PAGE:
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Jeanne van Heeswijk Selected for Inaugural Keith Haring Fellowship in Art and Activism at Bard College
The Keith Haring Fellowship in Art and Activism was established to allow a distinguished leader in the field to investigate the role of art as a catalyst for social change, linking the two programs and presenting original research in an annual lecture. The Keith Haring Lecture in Art and Activism will be delivered in Spring 2015 at Bard College and will be published and widely distributed among universities and colleges internationally.
Jeanne van Heeswijk is a visual artist who facilitates the creation of dynamic and diversified public spaces in order to “radicalize the local”. Van Heeswijk embeds herself as an active citizen in communities, often working for years at a time. These long-scale projects, which have occurred in many different countries, transcend the traditional boundaries of art in duration, space and media and questions art’s autonomy by combining performative actions, meetings, discussions, seminars and other forms of organizing and pedagogy. Inspired by a particular current event, cultural context or intractable social problem, she dynamically involves neighbors and community members in the planning and realization of a given project. As an “urban curator”, van Heeswijk’s work often unravels invisible legislation, governmental codes and social institutions, in order to enable communities to take control over their own futures. Noted projects include Hotel New York P.S. 1 in New York (September 1998 to August 1999); De Strip (The Strip) in Westwijk, Vlaardingen (May 2002 - May 2004); Het Blauwe Huis (The Blue House) in Amsterdam (May 2005 - December 2009); and 2Up 2Down/Homebaked in Liverpool (November 2011 - present); Freehouse, Radicalizing the Local in Rotterdam (September 2008- present).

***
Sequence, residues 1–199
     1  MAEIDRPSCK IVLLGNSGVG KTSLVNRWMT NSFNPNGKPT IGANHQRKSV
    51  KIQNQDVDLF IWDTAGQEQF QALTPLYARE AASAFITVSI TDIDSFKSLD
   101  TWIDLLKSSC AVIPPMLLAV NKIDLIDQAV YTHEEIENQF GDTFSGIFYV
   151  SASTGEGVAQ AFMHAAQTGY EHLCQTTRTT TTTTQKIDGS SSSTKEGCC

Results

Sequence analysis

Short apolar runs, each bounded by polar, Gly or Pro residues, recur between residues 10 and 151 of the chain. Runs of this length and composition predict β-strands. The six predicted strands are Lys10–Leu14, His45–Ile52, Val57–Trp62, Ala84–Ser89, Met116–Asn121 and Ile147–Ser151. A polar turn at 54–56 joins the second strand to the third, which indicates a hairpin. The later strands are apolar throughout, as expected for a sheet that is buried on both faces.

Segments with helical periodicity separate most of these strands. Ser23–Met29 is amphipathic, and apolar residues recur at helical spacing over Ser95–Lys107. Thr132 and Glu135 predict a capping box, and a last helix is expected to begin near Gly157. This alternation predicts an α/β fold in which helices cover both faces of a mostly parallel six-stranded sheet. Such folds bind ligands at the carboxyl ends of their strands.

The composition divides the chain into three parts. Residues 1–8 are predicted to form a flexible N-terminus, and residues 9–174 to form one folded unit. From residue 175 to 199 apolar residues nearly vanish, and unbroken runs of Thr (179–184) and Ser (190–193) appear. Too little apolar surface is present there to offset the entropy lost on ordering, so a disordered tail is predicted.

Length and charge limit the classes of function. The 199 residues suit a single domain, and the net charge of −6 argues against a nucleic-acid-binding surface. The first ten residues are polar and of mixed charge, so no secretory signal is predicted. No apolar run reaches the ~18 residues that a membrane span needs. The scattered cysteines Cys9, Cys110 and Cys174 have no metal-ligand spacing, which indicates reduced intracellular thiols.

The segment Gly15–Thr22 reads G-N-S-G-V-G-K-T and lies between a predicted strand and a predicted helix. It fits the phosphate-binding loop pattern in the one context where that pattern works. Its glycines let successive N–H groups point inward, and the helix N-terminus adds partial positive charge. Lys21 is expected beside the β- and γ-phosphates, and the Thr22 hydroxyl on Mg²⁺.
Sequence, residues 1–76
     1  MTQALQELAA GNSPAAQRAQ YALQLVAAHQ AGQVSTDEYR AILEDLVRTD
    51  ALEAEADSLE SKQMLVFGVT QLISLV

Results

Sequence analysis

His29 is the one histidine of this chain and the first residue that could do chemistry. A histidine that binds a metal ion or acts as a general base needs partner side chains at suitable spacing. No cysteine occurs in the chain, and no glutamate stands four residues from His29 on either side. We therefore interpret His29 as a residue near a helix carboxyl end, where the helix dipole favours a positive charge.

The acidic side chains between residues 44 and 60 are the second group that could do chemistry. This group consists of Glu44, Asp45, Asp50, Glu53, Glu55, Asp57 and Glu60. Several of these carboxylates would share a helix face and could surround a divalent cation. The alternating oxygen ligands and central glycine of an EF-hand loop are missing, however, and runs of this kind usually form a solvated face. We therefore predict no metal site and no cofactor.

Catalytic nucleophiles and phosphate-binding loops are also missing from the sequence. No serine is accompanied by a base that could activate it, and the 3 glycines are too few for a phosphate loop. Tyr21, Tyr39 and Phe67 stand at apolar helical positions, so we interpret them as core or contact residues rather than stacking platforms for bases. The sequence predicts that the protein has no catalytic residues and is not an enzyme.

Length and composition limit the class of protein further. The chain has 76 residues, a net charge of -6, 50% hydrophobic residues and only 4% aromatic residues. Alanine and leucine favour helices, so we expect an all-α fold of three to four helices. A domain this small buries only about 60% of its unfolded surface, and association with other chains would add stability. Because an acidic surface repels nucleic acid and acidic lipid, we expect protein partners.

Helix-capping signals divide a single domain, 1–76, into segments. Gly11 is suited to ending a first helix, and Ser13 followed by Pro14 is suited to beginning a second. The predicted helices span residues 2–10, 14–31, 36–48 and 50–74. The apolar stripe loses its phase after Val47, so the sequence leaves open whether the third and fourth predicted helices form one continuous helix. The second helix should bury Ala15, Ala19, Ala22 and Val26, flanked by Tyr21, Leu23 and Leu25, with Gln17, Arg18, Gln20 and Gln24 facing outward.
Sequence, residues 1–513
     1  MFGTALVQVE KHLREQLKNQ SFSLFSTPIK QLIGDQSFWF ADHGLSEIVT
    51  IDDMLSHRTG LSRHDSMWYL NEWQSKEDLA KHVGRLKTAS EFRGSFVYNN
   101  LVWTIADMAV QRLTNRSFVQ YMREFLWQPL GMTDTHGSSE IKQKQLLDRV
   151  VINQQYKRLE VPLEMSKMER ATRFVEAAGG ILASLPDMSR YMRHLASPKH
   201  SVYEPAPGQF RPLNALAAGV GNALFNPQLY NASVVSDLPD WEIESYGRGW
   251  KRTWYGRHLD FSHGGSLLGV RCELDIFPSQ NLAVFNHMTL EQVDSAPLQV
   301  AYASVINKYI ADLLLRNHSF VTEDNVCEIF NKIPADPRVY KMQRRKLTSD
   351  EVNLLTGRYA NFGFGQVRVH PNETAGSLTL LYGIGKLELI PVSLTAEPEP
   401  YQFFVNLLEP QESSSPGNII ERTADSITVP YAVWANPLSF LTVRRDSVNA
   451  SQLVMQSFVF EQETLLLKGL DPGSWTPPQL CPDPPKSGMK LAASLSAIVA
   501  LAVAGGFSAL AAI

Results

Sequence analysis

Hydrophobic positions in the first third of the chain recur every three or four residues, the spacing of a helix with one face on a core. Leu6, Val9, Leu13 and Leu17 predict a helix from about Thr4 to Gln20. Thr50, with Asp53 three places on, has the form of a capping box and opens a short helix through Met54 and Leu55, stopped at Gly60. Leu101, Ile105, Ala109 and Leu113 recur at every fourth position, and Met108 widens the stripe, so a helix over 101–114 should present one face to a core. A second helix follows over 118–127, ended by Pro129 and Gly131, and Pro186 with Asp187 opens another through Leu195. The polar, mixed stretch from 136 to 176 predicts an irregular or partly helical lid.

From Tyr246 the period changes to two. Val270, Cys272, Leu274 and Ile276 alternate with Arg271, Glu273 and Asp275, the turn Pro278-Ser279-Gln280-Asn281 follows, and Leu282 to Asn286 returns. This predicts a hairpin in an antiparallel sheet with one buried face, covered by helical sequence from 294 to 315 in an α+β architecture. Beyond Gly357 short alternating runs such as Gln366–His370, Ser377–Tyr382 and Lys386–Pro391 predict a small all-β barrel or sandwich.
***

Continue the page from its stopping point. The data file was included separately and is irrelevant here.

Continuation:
Her work has also been featured in numerous books and publications worldwide, as well as internationally renowned biennials such as those of Liverpool, Busan, Taipei, Shanghai, and Venice. She has received a host of accolades and awards for her work including most recently the 2012 Curry Stone Prize for Social Design Pioneers, and in 2011, the Leonore Annenberg Prize for Art and Social Change.
“The Keith Haring Fellowship in Art and Activism is an appropriate tribute to the life and work of Keith Haring, whose contributions to the visual arts and to human rights activism cannot be separated. Just as his playful and polemical work injected political questions about HIV/AIDS and gay identity into a sometimes-complacent art world, so his activism helped force mainstream advocacy organizations to take the AIDS crisis seriously as a broad human rights issue rather than a narrow special interest. It is this complicated engagement between human rights and the arts that the two Bard programs seek to honor—and to emulate—in the Keith Haring Fellowship in Art and Activism. We are delighted that Jeanne van Heeswijk is the inaugural Keith Haring Fellow.”
-Tom Eccles, Executive Director, CCS Bard
“In underwriting the Keith Haring Fellowship in Art and Activism at Bard College, the Keith Haring Foundation is delighted to facilitate a program that so perfectly addresses Haring’s legacy of employing visual art to stimulate discourse about the many human rights challenges that are as pervasive today as they were during his own lifetime,” said Julia Gruen, the Foundation’s executive director. “Bard’s history of attracting and recruiting the best and the brightest among teachers, curators, artists, activists and scholars is well-established. For the Keith Haring Foundation, now celebrating its 25th year, this fellowship perfectly embodies our mission to honor Keith’s indomitable spirit and lifelong commitment to challenging the status quo and igniting activism and creativity among and on behalf of all individuals.”
About the Center for Curatorial Studies and the Human Rights Project, Bard College